# Common knowledge in model formulation and solution

Economics models usually assume that the structure of the economy is common knowledge among agents.

Mathematically, an event is common knowledge if it lies in the meet of all agents' information sets. (The meet of a family of $\sigma$-algebras is the finest common coarsification of all $\sigma$-algebras in the family. See Aumann 1976.)

However, in the literature when a paper makes the common knowledge assumption, one almost never sees the meet of any information sets anywhere. Let me give an example (Grossman and Stiglitz 1980).

Grossman-Stiglitz model

This is a model where two traders with (essentially) mean-variance utility are asymmetrically informed about the mean. By assumption, structure of the economy is common knowledge and traders are rational. Equilibrium price must therefore, first, clear the market and, second, be consistent with the uninformed trader's expectation. Details given as follows.

Let $I$ and $U$ denote the informed and uninformed traders respectively. The traders have same CARA utility, $u_I(W) = u_U(W) = - e^{-\gamma W}$. The risk-free rate is $r$. The price of risky asset tomorrow is $P_2 \sim \mathcal{N}(\bar{P}, \sigma^2) | \bar{P}$. The informed trader $I$ knows $\bar{P}$; the uninformed trader $U$ only knows the prior distribution $\bar{P} \sim \mathcal{N}(P_0, \sigma_0^2)$.

Let both trader have wealth endowments $E$. (CARA utility has no wealth effect, so $E$ plays no role in portfolio choice below.)

Given today's price $P_1$ for the risky asset, trader's wealth tomorrow is $W(\phi) = rW + \phi (P_2 - rP_1)$ if he choose to hold $\phi$ units of risky asset.

Maximizing expected utility, a traders' demand is

$$\frac{E[P_2|\mathcal{F}] - rP_1}{\gamma Var(P_2|\mathcal{F})}$$

conditional on his information set $\mathcal{F}$. For $I$, $\mathcal{F}_I = \{ \bar{P}, P_1\}$. For $U$, $\mathcal{F}_U = \{ P_1 \}$.

The supply $x$ of risky asset is distributed $\mathcal{N}(\bar{x}, \sigma_x^2)$.

Equilibrium is a price function $P_1(\bar{P}, x)$ such that

$$\frac{\bar{P} - r P_1(\bar{P}, x)}{\gamma \sigma^2}+ \frac{E[P_2|P_1(\bar{P}, x)] - r P_1(\bar{P}, x)}{\gamma Var(P_2|P_1(\bar{P}, x))} = x.$$

In other words, market clears and the uninformed trader computes his demand using the correct pricing function in equilibrium.

Now in this CARA-normal setting, things are linear and one can solve for equilibrium by guessing a pricing function

$$P_1(\bar{P}, x) = A\bar{P} + Bx + C$$

and find $A$, $B$ and $C$ by matching coefficients. For example, compute

$$E[P_2|P_1] = P_0 + \frac{A \sigma_0^2}{A^2 \sigma_0^2 + B^2 \sigma_x^2} [A(\bar{P} - P_0) + Bx]$$

and

$$Var(P_2|P_1) = \frac{B^2 \sigma_x^2}{A^2 \sigma_0^2 + B^2 \sigma_x^2}\sigma_0^2 + \sigma^2$$

Substituting into the market clearing equation and some tedious algebra gives endogenous constants $A$, $B$, and $C$.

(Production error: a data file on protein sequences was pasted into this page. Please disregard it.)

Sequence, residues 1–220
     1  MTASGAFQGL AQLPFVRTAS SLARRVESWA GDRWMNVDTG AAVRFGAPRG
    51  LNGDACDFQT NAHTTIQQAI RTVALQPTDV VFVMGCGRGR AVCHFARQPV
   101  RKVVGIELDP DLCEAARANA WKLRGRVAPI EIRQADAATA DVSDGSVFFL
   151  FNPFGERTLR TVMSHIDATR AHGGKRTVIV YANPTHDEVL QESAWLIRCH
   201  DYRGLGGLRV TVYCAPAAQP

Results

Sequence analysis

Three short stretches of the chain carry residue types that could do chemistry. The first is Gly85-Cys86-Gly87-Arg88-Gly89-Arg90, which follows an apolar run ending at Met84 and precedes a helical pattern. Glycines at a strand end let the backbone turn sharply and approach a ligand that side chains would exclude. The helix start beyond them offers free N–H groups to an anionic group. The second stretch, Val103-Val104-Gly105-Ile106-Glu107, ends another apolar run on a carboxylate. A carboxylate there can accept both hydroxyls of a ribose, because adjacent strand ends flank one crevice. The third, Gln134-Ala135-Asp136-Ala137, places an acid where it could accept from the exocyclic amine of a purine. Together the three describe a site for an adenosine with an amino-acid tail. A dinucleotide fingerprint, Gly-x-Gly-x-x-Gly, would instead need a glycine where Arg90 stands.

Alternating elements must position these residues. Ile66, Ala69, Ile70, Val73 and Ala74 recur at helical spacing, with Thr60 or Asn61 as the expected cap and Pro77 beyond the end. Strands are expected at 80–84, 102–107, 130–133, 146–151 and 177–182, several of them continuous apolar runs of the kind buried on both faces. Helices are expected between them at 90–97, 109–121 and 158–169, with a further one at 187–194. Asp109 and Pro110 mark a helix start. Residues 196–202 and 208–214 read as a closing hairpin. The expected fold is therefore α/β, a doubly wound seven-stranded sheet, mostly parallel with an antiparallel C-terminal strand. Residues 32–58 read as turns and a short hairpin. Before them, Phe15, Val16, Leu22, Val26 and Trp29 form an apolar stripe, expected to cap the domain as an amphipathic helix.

Instead, Grossman and Stiglitz do something more elegant. They point out that uninformed trader $U$ can condition on the residual demand for any realization of $(\bar{P},x)$

$$D_{resid} = x - \frac{\bar{P} - r P_1 }{\gamma \sigma^2}.$$

What's even more clever, they note that, since $P_1$ is observed in in equilibrium, they first conjecture that $P_1$ and

$$\tilde{D}_{resid} = x - \frac{\bar{P} }{\gamma \sigma^2}.$$

are informationally equivalent. Then equilibrium condition becomes

$$\frac{ r P_1(\bar{P}, x)}{\gamma \sigma^2}+ \frac{E[P_2|\tilde{D}_{resid}] - r P_1(\bar{P}, x)}{\gamma Var(P_2|\tilde{D}_{resid})} = \tilde{D}_{resid}.$$

Now things are much less tedious and there are no endogenous constants $A$ and $B$ to solve for. $E[P_2|\tilde{D}_{resid}]$ is an affine function of $\tilde{D}_{resid}$ and $Var(P_2|\tilde{D}_{resid})$ is an exogenous constant. So that $P_1(\bar{P}, x)$ can be backed out immediately. Since $P_1$ is an affine function of $\tilde{D}_{resid}$, it is verified ex-post that they are informationally equivalent.

Question

To have the uninformed trader $U$ condition on the residual demand, the common knowledge assumption is used. Or, at least, $U$ knows that $I$ knows so that $U$ can put herself in $I$'s shoes and compute $I$'s demand.

However, the meet of the information sets does not appear anywhere---as it should. Result of $U$'s calculations should be measurable with respect to the meet. If one is to formulate this mathematically, where would that appear?

• It looks like what is being used is common knowledge at the level of the structure of the economy---utility of agents, def of equil, etc. So that it is $U$'s action in computing residual demand that is measurable w.r.t. the meet. The residual demand itself as an r.v. is the wrong level to pose the question. Aug 8, 2017 at 22:01
• Isn't the common knowledge assumption showing up, precisely in that the uninformed player has certainty that the informed player knows price $\bar P$, so for any possible realization of it, she can compute the residual demand. As for the informed player, his information about the uninformed player is irrelevant. His own information is sufficient to choose his optimal demand. It is often tedious to be strictly formal about the common knowledge assumption, but it can always be seen in what are each player is conditioning on. Apr 26, 2019 at 17:54

1. Common knowledge is defined by Aumann in terms of partitions, not $$\sigma$$-algebras. There is generally no natural correspondence between these.
• For a countable state space, there isn't really any difference since there we get an isomorphism between partitions and $\sigma$-algebras that does preserves order. But in general, these concepts are very different. Take a look at this paper, for example. Jun 9, 2020 at 6:42